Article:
Format

Send to:

Choose Destination
See comment in PubMed Commons below
J Phys Chem B. 2009 Jun 11;113(23):8128-36. doi: 10.1021/jp811346x.

Hydration of carboxylate anions: infrared spectroscopy of aqueous solutions.

Abstract

Hydration of carboxylate ions was studied in aqueous solutions of sodium salts by means of FTIR spectroscopy using the HDO molecule as a probe. The quantitative version of the difference spectra method has been applied to determine the solute-affected water spectra. They display two-component bands of affected HDO at ca. 2550 and 2420 cm(-1). These bands are attributed to the -COO(-) group of the R-COO(-) ion (R = H, CH(3), C(2)H(5)), because water molecules surrounding the substituent R behave roughly as molecules in the bulk phase. For the studied carboxylates the net water structure making effect is observed, which increases with electron-donor ability of R, by means of changing the relative intensity of solute-affected HDO component bands. The observed splitting of the carboxylate-ion-affected HDO band is unique for these anions. The experimental results were confronted with DFT-calculated structures of small gas-phase and polarizable continuum model (PCM) solvated aqueous clusters to establish the structural and energetic states of carboxylate ions hydrates. This was achieved by comparison of the calculated optimal geometries with the interatomic distances derived from HDO band positions. Different possibilities have been considered to explain the peculiar spectral results. The plausible explanation assumes symmetry breaking of the carboxylate ion induced by interaction with water solvent: C-O bond lengths of RCOO(-) and electric charge localization become unequal. It is demonstrated by nonequivalent interaction of oxygen atoms of the RCOO(-) anion with water molecules. Taking into account only the energetic effect, the phenomenon is explained by the anticooperative H-bond formation of the carboxylate group with water molecules, which increases with the electron-donor ability of the substituent R. In this interaction two water molecules play an important part, as appears from the calculated clusters. They interact with oxygen atoms of the RCOO(-) ion, forming a cooperative system, within which solvent molecules are nonequivalent with respect to H-bond formation with both proton-accepting sites of the solute. This additionally enhances solvent-induced symmetry breaking of carboxylate anion. Strongly hydrogen-bonded solvent is more effective in inducing symmetry breaking; thus, increasing the temperature decreases the splitting of the carboxylate-ion-affected water, as experimentally observed.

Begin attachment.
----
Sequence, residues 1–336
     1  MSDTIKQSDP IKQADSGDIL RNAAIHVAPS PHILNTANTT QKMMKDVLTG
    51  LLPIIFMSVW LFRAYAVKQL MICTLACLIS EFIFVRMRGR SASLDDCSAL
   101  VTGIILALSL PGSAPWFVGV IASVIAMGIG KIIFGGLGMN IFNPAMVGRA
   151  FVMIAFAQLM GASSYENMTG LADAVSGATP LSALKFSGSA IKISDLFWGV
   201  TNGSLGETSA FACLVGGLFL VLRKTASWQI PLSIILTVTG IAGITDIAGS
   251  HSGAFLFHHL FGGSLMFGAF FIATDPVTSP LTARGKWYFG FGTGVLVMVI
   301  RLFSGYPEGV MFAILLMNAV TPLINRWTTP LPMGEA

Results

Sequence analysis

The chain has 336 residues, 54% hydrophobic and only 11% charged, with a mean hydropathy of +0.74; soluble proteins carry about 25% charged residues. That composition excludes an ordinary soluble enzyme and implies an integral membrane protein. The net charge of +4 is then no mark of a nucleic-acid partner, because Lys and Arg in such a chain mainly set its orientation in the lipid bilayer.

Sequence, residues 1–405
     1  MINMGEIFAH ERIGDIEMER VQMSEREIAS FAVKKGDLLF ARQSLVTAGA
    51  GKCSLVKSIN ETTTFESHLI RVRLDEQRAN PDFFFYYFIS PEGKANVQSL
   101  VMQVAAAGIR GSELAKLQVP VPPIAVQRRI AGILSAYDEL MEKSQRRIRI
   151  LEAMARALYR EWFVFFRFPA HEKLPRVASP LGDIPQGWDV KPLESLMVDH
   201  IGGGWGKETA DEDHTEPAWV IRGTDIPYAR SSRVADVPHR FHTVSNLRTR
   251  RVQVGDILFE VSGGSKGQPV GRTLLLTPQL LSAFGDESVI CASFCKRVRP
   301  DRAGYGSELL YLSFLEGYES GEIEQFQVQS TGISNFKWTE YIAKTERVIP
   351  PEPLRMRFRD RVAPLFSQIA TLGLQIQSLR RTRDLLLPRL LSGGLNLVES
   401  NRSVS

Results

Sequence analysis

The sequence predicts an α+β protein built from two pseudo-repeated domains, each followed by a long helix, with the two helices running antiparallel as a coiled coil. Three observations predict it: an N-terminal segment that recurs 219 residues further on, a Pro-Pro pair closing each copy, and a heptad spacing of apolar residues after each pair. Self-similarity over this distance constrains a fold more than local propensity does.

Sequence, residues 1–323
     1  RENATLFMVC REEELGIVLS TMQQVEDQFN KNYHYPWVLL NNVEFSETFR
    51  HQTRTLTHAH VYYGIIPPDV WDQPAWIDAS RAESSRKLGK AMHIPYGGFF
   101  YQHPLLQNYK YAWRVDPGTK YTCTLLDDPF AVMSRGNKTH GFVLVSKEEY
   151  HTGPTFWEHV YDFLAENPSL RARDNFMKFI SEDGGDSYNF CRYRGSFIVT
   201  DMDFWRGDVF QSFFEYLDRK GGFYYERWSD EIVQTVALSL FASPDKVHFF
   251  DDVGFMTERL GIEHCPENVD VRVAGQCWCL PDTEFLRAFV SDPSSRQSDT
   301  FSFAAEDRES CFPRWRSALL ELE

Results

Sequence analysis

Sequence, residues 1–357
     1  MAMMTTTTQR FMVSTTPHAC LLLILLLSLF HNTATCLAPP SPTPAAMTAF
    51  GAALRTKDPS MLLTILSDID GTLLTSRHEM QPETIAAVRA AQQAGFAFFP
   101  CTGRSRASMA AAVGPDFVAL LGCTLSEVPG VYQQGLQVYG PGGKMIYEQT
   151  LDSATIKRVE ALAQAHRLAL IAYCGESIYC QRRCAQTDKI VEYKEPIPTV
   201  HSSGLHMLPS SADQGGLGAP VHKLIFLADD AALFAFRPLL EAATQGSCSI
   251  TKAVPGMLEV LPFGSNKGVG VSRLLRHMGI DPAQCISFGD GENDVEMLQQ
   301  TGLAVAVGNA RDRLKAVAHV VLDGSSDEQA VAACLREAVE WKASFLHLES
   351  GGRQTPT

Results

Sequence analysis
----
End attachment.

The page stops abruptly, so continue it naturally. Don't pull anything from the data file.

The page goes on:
PMID:
19438223
[PubMed - indexed for MEDLINE]
PubMed Commons home

PubMed Commons

0 comments
How to join PubMed Commons

    Supplemental Content

    Full text links

    Icon for American Chemical Society
    Loading ...
    Write to the Help Desk